Alpa Reflex 9D

by John Waco Jr December. 11, 2018 115 views
Alpa Reflex 9D

Alpa Reflex 9D

Alpa Reflex 9D

Alpa Reflex 9D

The oddball Alpa Reflex 9D was distinguished by being the very first (by a short head) camera with TTL metering. It was also distinguished by its unusual design, with its horizontal shutter release placed far in front of the camera body, and (so that it could be reached with the right hand from that position) long, forward-facing wind-on lever. The Alpa needed to be gripped like the stock and trigger of a crossbow. The uncoupled TTL meter, with two CDS cells inside the fixed pentaprism housing, works by the stop-down method, by centring a needle in the (rather dim) viewfinder. A third CDS cell, facing the eyepiece, electrically subtracted any light entering the viewfinder - a feature which other, even modern, cameras lack. The ground-glass focussing screen has a diagonal split-image focussing aid surrounded by a ring of clear glass.

The Kern Macro-Switar 50mm was a uber lens, a true Apocromat and optically at least on a par with the legendary 50mm Leitz Summicron and Zeiss Planar f2 lenses. Uniquely for its time, when bellows were normally needed for close-up work, the Macro-Switar focussed down to 6" or 1:3 ratio, by two and a half complete rotations of its silky-smooth focussing ring.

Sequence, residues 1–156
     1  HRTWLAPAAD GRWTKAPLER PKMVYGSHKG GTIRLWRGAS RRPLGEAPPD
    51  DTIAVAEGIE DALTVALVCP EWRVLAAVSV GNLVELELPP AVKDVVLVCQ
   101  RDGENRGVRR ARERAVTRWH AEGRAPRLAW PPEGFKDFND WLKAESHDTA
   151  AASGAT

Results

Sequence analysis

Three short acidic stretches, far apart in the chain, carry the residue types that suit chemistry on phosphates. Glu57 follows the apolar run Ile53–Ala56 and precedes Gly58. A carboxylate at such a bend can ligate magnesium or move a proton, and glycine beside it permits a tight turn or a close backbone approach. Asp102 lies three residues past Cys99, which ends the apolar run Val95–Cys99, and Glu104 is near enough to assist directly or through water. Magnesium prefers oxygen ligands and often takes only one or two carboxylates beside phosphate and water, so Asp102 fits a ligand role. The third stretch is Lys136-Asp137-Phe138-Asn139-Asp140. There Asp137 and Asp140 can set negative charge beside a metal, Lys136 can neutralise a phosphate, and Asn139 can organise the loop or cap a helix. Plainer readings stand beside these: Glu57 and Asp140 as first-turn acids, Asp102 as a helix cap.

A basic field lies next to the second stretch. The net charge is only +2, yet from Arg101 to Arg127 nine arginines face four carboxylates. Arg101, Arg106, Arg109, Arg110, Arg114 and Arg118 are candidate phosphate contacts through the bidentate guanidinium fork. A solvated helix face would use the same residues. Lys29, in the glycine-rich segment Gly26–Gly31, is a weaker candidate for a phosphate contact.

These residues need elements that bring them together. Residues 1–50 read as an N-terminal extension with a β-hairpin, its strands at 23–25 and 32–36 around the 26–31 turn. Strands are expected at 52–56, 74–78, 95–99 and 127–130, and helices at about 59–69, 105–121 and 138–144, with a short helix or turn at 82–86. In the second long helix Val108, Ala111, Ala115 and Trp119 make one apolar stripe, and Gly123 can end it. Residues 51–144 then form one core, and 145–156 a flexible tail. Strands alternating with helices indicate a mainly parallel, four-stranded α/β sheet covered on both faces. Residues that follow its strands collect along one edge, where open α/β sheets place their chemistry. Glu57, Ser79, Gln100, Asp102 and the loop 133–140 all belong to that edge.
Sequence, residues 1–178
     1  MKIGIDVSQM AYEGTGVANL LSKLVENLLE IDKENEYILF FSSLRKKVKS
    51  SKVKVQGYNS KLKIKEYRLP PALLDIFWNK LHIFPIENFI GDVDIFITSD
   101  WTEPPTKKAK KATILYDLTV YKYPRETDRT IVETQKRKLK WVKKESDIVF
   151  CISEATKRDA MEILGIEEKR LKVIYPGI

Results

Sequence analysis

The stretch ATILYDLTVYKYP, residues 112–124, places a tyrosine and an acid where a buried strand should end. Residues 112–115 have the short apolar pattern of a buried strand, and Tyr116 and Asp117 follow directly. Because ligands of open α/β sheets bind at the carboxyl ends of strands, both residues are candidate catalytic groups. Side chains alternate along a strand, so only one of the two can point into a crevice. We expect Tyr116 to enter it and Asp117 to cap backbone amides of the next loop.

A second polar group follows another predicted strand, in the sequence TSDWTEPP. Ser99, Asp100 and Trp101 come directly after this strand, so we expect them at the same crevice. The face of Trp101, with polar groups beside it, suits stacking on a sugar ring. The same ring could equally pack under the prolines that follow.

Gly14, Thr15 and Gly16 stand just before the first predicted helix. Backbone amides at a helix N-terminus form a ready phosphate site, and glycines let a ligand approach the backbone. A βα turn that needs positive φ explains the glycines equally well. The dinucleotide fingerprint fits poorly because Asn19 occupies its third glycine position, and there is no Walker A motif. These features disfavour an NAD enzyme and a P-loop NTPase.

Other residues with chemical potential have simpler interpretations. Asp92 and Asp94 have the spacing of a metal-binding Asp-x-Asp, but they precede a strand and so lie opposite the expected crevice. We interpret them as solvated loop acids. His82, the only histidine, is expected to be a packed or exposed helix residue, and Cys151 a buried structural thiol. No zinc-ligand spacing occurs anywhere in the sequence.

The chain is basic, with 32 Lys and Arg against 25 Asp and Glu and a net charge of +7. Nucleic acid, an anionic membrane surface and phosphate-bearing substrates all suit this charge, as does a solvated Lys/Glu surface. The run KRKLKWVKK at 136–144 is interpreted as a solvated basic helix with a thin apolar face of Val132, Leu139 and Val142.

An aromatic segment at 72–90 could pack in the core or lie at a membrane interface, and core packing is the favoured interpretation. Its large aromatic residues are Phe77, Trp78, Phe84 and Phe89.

In the old Exakta style, the shutter release was incorporated in the lens mount to provide a primitive FAD facility. Alpa lenses took proprietary push-on filters only, now very expensive to procure. The 9D had an instant-return mirror and cloth focal plane shutter with continuously-variable speeds. The shutter speed dial rotates when the shutter is fired, another legacy from the past.

The Alpa Reflex was an unusually well-made camera consistent with the quality reputation of other Swiss watchmakers. Most Alpas were hand made in very limited numbers and were always very expensive. While there were a lot of very expensive cameras made in the 20th and 21st centuries, not all of them can claim the high number of custom features that weren’t found on other models of the era. I can’t say that if I was a photographer in 1962 I would have spent $469 to buy one. I would have had a camera unlike any other.

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